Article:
I paraphrase, but this is what it comes down to for Bush's escalation plan. We can't armor up the troops we got there, so let's add some more to the mix and not armor up them either. It's obscene and it's inexcusable.
After nearly four years of war in Iraq, the Pentagon's effort to protect its troops against roadside bombs is in disarray, with soldiers and Marines having to swap access to scarce armored vehicles and the military unsure whether it has the money or industrial capacity to produce the safe vehicles it says the troops need.
On Jan. 10, the Baltimore Sun reported that most of the 21,500 troops President Bush has ordered to Iraq as reinforcements will not have access to specialized blast-resistant armored vehicles because they are in such short supply.
But the problem runs deeper than that. In congressional testimony and interviews last week, senior Army and Marine Corps officers acknowledged that they are struggling just to meet the needs of service members already in Iraq.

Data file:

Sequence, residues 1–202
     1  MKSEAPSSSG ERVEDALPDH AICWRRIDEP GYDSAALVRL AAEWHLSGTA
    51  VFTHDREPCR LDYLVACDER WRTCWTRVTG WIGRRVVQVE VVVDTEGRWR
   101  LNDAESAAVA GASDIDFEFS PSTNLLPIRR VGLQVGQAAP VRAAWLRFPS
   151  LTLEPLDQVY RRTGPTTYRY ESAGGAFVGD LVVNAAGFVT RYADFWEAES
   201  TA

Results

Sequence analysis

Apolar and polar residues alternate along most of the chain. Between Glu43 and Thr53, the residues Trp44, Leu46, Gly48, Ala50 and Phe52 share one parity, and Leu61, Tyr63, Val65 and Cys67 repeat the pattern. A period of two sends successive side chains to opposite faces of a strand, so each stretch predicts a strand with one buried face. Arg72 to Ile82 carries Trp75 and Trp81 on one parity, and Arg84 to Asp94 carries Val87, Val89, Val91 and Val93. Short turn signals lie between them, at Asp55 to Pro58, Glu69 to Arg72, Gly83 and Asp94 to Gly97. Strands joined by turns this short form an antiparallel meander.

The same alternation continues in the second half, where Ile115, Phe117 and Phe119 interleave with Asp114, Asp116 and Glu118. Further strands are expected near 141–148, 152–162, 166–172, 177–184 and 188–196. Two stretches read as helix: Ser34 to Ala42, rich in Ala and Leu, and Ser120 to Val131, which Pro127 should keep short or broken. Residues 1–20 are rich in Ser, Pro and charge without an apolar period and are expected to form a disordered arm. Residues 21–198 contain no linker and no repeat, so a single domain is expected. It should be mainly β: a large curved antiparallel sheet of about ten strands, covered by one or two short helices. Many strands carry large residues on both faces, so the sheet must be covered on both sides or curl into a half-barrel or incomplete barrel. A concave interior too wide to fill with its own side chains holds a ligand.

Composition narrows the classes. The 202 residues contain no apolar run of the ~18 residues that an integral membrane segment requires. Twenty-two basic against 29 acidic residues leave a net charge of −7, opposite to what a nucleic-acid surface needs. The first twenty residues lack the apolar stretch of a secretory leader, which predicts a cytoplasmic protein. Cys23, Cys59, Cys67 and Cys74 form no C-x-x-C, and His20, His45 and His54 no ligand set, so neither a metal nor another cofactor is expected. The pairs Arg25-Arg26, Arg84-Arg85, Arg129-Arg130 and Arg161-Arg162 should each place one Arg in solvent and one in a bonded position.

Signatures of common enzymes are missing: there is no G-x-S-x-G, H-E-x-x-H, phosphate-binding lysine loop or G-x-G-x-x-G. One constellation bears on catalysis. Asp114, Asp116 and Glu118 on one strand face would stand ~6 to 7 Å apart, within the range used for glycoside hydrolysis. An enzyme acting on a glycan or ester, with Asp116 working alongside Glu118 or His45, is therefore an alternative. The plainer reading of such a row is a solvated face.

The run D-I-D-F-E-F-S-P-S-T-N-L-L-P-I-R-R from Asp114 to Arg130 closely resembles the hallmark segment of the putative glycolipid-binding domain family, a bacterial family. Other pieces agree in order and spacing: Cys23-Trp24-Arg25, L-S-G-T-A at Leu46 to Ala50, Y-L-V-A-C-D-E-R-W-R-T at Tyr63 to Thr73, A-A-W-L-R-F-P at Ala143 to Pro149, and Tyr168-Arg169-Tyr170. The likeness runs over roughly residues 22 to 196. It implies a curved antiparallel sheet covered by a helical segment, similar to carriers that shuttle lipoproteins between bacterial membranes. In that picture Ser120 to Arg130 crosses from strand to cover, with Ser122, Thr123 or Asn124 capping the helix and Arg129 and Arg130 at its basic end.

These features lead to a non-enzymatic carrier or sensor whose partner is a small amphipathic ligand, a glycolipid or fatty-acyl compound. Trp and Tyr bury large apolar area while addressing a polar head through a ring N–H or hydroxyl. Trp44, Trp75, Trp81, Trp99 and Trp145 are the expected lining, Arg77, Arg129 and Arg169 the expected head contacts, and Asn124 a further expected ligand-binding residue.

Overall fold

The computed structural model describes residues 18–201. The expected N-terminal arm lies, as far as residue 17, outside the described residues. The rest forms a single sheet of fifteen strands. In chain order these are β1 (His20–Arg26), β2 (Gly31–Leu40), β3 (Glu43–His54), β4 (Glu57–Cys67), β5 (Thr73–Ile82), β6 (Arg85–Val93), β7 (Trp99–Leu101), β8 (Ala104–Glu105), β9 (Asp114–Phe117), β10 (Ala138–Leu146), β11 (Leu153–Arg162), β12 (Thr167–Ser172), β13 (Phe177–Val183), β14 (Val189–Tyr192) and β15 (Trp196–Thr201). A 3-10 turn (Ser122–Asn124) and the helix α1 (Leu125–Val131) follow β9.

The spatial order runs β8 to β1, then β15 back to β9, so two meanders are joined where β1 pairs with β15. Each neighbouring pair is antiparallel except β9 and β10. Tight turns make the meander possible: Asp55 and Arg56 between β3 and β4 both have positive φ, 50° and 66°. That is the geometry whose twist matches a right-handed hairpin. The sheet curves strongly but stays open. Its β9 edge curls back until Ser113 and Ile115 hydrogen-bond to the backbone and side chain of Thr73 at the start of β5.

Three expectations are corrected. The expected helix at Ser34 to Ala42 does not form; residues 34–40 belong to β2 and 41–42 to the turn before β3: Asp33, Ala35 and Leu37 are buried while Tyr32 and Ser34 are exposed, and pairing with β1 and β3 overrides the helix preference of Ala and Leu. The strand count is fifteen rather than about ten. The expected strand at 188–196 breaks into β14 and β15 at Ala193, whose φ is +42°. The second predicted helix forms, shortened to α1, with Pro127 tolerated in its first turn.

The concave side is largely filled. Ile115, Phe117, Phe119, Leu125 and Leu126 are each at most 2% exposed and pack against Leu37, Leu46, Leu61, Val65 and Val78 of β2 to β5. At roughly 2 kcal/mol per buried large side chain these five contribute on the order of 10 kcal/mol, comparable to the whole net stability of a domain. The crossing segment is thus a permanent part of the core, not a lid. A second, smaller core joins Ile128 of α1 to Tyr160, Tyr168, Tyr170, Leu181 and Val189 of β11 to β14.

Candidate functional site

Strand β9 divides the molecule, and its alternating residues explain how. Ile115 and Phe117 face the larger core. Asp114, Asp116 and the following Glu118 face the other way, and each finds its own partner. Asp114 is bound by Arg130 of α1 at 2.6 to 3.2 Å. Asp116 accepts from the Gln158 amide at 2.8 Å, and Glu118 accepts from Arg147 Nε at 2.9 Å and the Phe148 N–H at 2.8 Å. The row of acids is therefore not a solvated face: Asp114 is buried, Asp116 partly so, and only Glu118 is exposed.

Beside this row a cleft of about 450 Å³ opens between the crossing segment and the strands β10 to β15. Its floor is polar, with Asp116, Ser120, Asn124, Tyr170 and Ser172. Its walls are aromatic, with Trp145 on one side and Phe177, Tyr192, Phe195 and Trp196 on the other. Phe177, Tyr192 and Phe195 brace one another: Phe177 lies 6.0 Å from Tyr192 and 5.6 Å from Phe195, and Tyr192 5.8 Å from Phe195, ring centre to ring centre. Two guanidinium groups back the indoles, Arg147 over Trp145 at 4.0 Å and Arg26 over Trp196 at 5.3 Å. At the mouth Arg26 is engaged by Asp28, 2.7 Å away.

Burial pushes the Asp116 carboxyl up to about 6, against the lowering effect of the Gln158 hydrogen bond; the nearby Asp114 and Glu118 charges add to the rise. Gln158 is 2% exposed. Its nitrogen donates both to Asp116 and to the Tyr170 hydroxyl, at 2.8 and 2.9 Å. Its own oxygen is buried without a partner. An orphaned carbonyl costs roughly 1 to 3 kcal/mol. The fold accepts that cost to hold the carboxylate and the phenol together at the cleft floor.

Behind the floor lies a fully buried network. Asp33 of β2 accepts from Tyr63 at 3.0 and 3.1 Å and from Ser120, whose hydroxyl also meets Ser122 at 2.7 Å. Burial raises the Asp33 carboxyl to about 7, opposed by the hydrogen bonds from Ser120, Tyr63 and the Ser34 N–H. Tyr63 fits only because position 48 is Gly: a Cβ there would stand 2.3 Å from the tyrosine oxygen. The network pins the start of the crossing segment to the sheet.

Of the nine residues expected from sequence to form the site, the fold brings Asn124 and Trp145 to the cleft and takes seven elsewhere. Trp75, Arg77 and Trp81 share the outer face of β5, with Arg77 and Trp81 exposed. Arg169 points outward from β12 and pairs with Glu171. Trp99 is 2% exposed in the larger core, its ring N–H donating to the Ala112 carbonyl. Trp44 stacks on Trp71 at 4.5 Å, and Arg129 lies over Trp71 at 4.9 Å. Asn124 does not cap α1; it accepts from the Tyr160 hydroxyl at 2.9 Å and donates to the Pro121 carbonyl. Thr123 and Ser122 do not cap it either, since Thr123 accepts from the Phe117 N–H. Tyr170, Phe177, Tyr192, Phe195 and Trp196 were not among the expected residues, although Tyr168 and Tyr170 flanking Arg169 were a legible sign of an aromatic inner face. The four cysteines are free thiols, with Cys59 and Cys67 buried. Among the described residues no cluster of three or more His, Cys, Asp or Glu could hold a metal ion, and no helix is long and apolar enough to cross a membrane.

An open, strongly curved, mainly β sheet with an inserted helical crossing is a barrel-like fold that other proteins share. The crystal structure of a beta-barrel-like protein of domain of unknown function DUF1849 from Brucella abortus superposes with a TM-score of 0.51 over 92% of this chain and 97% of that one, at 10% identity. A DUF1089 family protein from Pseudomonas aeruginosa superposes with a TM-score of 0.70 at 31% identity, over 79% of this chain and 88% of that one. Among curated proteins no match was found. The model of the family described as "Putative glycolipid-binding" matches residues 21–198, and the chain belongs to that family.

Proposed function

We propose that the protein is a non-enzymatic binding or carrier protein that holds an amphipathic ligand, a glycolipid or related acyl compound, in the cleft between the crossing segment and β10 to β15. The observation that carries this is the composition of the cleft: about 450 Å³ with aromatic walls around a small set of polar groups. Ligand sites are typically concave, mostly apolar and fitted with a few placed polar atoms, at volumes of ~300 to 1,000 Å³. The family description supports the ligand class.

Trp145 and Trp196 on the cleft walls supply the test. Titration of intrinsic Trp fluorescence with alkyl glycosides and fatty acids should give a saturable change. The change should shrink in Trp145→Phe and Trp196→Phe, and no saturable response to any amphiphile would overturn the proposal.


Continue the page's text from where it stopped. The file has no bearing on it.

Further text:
Even if the Pentagon can find millions of dollars not currently budgeted, and even if it can find factories to produce the armored vehicles, most U.S. troops in Iraq will not have access to the best equipment available, as President Bush has often promised.
The Army acknowledged last week, for example, that it is still 22 percent short of the armored Humvees it needs in Iraq despite heated criticism in 2004 and 2005 over the lack of armored vehicles.
Army officials said it will be another eight months before that gap can be filled.